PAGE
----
Meta: Lifetime of an idea. 1, 2 & 3

A lot of core developers have publicly stated that they ignore the ideas category because the signal to noise ratio is so bad. Given that any core Python change needs the support of at least one core dev, the net result is that the ideas category is getting progressively less relevant over time.

That is the problem here.

9 Likes

Makes sense. Maybe there can be a separate category (simply named Proposals perhaps) for >50%-baked ideas where new topics are required to be written in a template format similar to that of a PEP. If a poster can’t fill out most if not all sections on the template, the topic should belong in Ideas until the poster feels ready to rewrite the post as a new topic in the template format in Proposals.

4 Likes

Or maybe that can be called “Ideas”?

1 Like

How about PEP proposals? Or drafts?

I feel that there is a clear distinction between posts asking for feedbacks on ideas to make changes to Python, and posts asking for help in using Python as it is, and lumping <=50%-baked ideas into the Help category makes it hard for some of us who are actually interested in reading about potential Python changes to find such posts (I personally have different notification settings for them).

2 Likes

But the poor quality ideas make terrible Ideas posts. They are FAR more useful as Help posts, asking for explanation of why Python is the way it is.

You are, of course, always welcome to post ideas on a completely unrelated forum and discuss them with whoever you want to discuss them with. Why do you want to discuss them here, specifically? Is it not because you hope for them to be seen and adopted by the core devs? You need to get at least one core dev to approve your idea before it can even move forward. But you won’t get that when the idea discussion is more of nailing jelly to a tree than discussing a real idea.

Jelly ideas are better in Help.

All the “what if python did XXX” posts are not help requests, just quick (and dirty?) ideas. People writing these kinds of “proposals” won’t ever think about posting those in the Help category, because they are not help requests (even if they maybe should).

Adding a “<50%” category feels like a graveyard where bad (or bad written) ideas go die. In the Packaging category, there are multiple tags, maybe they could be used here also ? I’m not good at finding names, but something like an “incomplete” tag could help filtering out lower quality ideas. I don’t know if it’s possible to filter ou some tags, if it’s not maybe add a “to be discussed” tag for >50% ideas, so that peaople can concentrate on those ? Only some privileged users (core devs?) could add this tag.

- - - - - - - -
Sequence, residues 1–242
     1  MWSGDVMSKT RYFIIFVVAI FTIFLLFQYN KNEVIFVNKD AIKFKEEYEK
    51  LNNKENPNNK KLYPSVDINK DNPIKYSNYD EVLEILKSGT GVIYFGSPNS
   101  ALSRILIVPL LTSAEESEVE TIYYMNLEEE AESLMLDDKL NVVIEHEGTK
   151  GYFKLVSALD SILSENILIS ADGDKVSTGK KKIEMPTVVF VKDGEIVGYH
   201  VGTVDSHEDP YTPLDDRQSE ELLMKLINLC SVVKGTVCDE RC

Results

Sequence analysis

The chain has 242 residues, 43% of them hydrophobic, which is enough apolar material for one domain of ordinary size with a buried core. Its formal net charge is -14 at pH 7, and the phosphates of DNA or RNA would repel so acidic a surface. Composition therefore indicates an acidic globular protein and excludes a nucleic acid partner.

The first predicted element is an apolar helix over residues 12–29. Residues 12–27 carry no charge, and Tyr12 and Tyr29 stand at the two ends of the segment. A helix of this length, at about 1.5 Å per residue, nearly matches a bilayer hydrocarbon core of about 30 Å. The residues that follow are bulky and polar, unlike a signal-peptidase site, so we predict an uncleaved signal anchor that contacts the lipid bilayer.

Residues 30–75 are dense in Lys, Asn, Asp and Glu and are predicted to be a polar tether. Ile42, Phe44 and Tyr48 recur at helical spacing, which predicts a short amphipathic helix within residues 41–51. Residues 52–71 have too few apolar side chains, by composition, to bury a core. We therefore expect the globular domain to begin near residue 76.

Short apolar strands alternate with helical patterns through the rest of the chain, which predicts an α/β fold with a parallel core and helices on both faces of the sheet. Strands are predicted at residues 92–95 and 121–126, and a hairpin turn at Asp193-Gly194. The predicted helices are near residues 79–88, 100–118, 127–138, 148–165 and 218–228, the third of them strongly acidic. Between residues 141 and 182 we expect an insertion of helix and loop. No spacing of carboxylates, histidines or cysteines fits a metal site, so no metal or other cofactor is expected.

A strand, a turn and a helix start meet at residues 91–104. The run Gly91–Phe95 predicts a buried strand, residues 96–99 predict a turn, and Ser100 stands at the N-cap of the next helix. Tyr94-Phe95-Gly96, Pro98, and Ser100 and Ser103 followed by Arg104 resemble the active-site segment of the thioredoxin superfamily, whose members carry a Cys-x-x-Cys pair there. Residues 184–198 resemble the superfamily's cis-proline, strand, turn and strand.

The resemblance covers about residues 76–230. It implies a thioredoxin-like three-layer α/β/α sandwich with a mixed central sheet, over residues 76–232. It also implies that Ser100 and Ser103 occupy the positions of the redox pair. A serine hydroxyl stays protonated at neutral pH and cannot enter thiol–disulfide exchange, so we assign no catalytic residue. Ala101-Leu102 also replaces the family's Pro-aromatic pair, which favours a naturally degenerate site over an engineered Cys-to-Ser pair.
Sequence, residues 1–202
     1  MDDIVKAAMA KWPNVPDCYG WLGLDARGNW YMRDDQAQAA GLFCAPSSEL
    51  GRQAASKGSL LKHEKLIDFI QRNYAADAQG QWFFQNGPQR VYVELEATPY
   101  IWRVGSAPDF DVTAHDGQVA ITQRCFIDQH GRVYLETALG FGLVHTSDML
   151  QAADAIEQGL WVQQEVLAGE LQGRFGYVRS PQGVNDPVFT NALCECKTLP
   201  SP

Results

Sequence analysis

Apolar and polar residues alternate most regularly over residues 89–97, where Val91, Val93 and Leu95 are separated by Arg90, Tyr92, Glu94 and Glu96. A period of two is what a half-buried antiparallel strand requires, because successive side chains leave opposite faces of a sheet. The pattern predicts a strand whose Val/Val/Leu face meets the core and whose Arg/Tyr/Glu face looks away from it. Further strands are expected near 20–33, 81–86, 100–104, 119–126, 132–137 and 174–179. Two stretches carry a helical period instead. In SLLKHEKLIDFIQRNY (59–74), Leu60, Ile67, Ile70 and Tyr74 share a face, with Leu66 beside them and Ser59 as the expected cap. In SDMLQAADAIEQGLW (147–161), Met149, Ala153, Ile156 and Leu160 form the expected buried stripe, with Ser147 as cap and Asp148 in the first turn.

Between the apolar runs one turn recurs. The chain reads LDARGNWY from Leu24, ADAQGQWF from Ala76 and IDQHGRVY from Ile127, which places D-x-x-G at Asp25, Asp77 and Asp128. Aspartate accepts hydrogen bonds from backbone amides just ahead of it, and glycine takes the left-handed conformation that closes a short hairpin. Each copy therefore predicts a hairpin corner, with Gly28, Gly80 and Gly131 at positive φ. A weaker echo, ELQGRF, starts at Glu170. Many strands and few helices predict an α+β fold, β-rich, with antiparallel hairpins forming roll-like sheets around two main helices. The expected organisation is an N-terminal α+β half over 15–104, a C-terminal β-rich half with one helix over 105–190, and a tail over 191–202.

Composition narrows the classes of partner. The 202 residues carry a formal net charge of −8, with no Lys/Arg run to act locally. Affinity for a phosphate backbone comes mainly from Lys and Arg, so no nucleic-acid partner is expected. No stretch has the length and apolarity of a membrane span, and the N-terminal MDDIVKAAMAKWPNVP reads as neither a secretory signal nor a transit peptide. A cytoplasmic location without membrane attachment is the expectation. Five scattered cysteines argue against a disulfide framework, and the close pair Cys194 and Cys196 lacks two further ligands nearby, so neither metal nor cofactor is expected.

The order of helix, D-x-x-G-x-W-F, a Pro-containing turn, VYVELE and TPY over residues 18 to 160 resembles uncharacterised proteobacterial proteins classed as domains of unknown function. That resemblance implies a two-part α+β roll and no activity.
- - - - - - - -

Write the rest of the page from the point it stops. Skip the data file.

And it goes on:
My 2 cents.

1 Like

An “Incomplete” tag would also be a place for badly written ideas to die.

The solution is not to give people another way to post and get ignored. The solution is for people to rethink the pitch: if it’s not a properly written idea, it IS a request for information. Don’t post it as “hey, here’s an idea, I expect you to take it seriously even though I haven’t put in half an hour researching it”. Post it as “Hey, I was exploring this, and I’m curious about this aspect of Python”.

Otherwise, it’s just going to be ignored by everyone who matters.

That’s why a separate category makes sense. I (and quite a few others I think) am interested in any discussions about potential changes to Python even if they are <50%-baked, which is why I have a higher notification setting for Ideas. Help is noisier by a long shot so I have a lower notification setting for it and I would only visit it when permitted by my spare time, often missing many Help posts between my visits.

By having a separate Proposals category, where only quality ideas are allowed, people like many core devs who are only interested in more fleshed-out ideas can have a place to subscribe to, while still leaving people like me who are interested in any ideas a channel to more easily tune in. That’s what categories are for after all.

Well, try to convince one of the Discourse admins that it’s worth it. Otherwise, the Help channel will work fine.

Of course, but they would still be on the Ideas category, still visible for anyone willing to educate newcomers but less intrusive for people with more limited time. I tend to think that it’s a good middle ground between “do nothing” and “compeltely remove from the Ideas category”.

I agree on the principle, but how do you plan to force people to think about it before writing? We have to find ways to manage what will inevitably happen anyway.

Any unthoughtout posts get moved to Help, where they belong. You can help with this by flagging them as “Off Topic”.

This interpretation of the problem prompted me to start thinking of potential category names that would distinguish a new category from both “Python Help” and “Ideas”. They’re all in the vein of open-ended questions starting with “Why”:

  • “Why?”
  • “Why not …?”
  • “Why is it so?”

The idea would be to distinguish it from both the “How?” questions that are the main focus of “Python Help” and the more developed proposals for change that are better suited to “Ideas”.

Here’s the way Ideas is currently summarised: “Would you like to change something in Python? This might be your feedback forum.”

A new “Why?” category might be summarised as: “Wondering why something in the Python ecosystem is the way it is, or wondering about the absence of features you’ve seen in other languages? This is your forum to find out more.”